Maternal and Neo-Natal Health Awareness: Nurture NJ · Birth Defects Prevention · Pregnancy Complications · Premature Birth · Birth Complications · Maternal Death · Donate
New Jersey March For Babies Events: E. Rutherford · Piscataway · W. Windsor · Voorhees (April 28) · Glassboro · Augusta (May 5)
Birth defects are not completely preventable. But if you’re pregnant or thinking about having a baby, here’s how you can do to help reduce the risk of birth defects and improve your chances of having a full-term pregnancy and a healthy baby:
Get a preconception checkup. This is a medical checkup you get before pregnancy to help make sure you’re healthy when you get pregnant. A preconception checkup is especially important if you’ve already had a baby with a birth defect. Your health care provider can check your overall health and make sure any medicines you take are safe to take during pregnancy. Being exposed to certain medicines or infections in the womb can sometimes cause birth defects in a baby.
Take folic acid before and during early pregnancy. Take a vitamin supplement with 400 micrograms (mcg) of folic acid every day, even if you’re not trying to get pregnant. During pregnancy, take a prenatal vitamin that has 600 micrograms of folic acid in it every day. This can help prevent birth defects of the brain and spine called neural tube defects (NTDs) in your baby. Folic acid is a B vitamin that every cell in your body needs for normal growth and development.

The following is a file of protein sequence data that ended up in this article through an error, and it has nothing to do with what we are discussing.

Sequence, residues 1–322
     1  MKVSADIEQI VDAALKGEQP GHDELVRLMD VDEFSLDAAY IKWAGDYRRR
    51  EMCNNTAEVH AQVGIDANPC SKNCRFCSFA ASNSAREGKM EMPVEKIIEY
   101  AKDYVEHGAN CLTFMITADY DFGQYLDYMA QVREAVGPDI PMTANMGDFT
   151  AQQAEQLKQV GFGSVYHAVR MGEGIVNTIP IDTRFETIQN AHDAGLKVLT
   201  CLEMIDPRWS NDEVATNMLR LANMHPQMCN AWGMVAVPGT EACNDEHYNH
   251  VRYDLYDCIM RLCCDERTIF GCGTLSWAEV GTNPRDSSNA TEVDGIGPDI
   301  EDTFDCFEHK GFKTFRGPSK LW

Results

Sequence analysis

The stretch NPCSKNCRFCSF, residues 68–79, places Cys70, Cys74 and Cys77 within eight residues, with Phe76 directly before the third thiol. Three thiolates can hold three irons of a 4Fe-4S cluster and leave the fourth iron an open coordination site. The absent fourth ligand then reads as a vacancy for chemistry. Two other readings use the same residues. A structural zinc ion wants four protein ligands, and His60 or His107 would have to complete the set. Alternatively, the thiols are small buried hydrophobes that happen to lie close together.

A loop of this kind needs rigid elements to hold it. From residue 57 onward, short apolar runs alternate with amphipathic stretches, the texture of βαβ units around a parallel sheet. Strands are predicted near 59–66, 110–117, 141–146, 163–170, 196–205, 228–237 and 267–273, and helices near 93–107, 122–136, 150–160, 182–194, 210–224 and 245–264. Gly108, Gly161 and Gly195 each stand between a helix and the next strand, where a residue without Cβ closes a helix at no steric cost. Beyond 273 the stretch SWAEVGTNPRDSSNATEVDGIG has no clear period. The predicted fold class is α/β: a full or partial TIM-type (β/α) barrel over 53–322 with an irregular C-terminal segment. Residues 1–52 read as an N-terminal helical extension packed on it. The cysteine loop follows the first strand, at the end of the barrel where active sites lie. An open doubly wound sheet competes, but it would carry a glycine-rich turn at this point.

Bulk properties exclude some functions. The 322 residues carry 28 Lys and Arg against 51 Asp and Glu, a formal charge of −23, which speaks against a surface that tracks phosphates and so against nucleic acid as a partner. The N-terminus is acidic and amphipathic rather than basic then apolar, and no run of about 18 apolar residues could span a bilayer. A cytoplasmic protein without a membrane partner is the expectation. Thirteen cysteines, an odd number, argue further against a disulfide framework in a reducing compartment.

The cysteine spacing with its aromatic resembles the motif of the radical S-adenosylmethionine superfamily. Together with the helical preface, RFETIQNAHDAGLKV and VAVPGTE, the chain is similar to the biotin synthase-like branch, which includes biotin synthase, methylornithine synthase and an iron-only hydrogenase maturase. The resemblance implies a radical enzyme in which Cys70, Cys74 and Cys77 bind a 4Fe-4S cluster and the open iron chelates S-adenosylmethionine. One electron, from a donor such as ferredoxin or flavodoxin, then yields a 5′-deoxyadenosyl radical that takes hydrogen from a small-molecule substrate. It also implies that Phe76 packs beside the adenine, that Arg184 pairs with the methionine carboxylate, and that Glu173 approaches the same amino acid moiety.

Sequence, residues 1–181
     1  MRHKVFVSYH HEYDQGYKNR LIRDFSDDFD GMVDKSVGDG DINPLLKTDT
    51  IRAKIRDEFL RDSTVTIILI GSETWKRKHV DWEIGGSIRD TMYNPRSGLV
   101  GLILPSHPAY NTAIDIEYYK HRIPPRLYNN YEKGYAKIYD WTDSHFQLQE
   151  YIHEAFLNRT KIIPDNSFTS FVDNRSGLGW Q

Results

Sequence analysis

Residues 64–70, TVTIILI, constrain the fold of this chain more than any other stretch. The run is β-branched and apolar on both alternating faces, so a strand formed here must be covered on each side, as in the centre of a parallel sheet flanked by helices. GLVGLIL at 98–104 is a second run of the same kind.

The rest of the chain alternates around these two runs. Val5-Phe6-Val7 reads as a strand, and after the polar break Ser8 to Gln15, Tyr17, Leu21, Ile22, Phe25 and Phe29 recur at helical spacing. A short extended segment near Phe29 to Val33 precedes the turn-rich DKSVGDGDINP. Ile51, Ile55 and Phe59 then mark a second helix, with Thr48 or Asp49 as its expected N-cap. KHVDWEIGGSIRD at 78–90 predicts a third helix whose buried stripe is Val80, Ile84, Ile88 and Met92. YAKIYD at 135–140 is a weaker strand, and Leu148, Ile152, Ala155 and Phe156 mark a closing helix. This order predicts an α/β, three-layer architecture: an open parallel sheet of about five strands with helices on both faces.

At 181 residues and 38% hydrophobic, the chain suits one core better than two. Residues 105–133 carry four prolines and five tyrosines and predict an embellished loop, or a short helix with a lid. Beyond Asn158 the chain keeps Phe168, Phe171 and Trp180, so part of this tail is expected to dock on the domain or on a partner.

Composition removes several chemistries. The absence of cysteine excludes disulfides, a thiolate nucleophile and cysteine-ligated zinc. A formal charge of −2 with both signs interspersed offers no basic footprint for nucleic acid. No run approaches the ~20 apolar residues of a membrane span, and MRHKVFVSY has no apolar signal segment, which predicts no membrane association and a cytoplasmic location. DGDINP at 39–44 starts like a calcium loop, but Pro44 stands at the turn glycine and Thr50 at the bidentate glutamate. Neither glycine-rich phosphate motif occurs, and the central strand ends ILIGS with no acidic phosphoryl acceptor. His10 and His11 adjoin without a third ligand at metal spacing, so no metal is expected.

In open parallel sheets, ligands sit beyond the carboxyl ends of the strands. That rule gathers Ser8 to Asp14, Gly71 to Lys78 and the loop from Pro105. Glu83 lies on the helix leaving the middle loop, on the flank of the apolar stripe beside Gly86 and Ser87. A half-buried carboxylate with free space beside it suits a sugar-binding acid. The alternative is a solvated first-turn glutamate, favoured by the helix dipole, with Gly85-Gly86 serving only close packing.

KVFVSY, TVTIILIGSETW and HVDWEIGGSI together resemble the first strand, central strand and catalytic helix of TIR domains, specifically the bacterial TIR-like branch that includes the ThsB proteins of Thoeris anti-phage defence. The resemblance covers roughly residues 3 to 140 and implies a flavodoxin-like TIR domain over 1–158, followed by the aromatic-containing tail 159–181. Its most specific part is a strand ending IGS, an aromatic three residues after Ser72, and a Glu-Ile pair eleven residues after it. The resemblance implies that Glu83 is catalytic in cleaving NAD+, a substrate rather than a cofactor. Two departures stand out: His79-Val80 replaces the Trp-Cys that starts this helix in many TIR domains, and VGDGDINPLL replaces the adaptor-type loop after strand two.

Get to a healthy weight before you get pregnant. Talk to your provider about a healthy weight for you. Eat healthy foods and do something active every day.
Make sure your vaccinations are up-to-date. Ask your provider about vaccinations you need before pregnancy, including the flu shot and the pertussis (whooping cough) booster. It’s also a great idea to make sure vaccinations are current for everyone in your family to help prevent the spread of harmful diseases.
Don’t smoke, drink alcohol or use harmful drugs. All of these can cause serious health problems for your baby. For example, chemicals from smoking can damage the placenta and pass to your baby through the umbilical cord. Drinking alcohol during pregnancy makes your baby more likely to be born prematurely (before 37 weeks of pregnancy) and have birth defects and a group of conditions called fetal alcohol spectrum disorders (FASDs). Using harmful drugs called opioids during pregnancy can cause neonatal abstinence syndrome (NAS) and premature birth.